Coventry People - Our Kaga
Midland Red
Cherwell
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8 of 617  Mon 4th Jul 2016 7:30pm  
Moderator: Joined Jan 2010  Total posts:5341

On another thread, our good friend Kaga has posted:
On 4th Jul 2016 7:11pm, Kaga simpson said: I have just spent seven days in hospital with a minor stroke, my mind is no way impaired, or my vision so thankfully can still read your posts. I should make a full recovery so more than ever look forward to your posts, please keep them coming. Thanks and regards, Kaga.
I'm sure all members will want to wish you all the best for a full and speedy recovery Thumbs up
Coventry People - Our Kaga
arthur p
burbage leic
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9 of 617  Mon 4th Jul 2016 7:37pm  
Member: Joined Aug 2014  Total posts:51

Hi Kaga Just to wish you all the best, and a speedy recovery. Arthur P
Coventry People - Our Kaga
David H
Lancashire
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10 of 617  Mon 4th Jul 2016 8:27pm  
Member: Joined Mar 2014  Total posts:110

Kaga - I always enjoy reading your very interesting posts, and look forward to many more. With all best wishes for a speedy recovery. David.
Coventry People - Our Kaga
AD
Allesley Park
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11 of 617  Mon 4th Jul 2016 8:28pm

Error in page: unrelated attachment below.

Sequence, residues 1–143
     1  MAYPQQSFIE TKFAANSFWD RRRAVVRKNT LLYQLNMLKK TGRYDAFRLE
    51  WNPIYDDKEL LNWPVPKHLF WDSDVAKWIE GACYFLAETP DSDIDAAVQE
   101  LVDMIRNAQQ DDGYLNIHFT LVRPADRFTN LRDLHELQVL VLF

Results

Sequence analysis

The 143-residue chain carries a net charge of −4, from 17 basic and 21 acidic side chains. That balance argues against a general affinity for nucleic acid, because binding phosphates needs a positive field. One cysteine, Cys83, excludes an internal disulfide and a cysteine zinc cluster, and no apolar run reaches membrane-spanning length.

Member: Joined Aug 2011  Total posts:437

Have a speedy recovery Kaga!
Coventry People - Our Kaga
mayjan
Green Lane,Coventry
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12 of 617  Mon 4th Jul 2016 9:22pm  
Member: Joined Oct 2010  Total posts:257

Kaga hope you are soon fully recovered and back home xx Thumbs up Wave
Coventry People - Our Kaga
Roger T
Torksey
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13 of 617  Mon 4th Jul 2016 9:42pm  
Member: Joined Jul 2019  Total posts:569

Hi Kaga. Always turn to your posts first! Get well soon Roger
Coventry People - Our Kaga
Not Local
Bedworth
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14 of 617  Mon 4th Jul 2016 9:51pm  
Member: Joined Feb 2014  Total posts:244

Kaga, Get well soon. I was only passing through your old haunts in Aldermans Green yesterday and thought about you. Roger
Coventry People - Our Kaga
dutchman
Spon End
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15 of 617  Mon 4th Jul 2016 10:20pm  
Member: Joined Mar 2010  Total posts:2993

Get well soon Kaga Wave

Coventry People - Our Kaga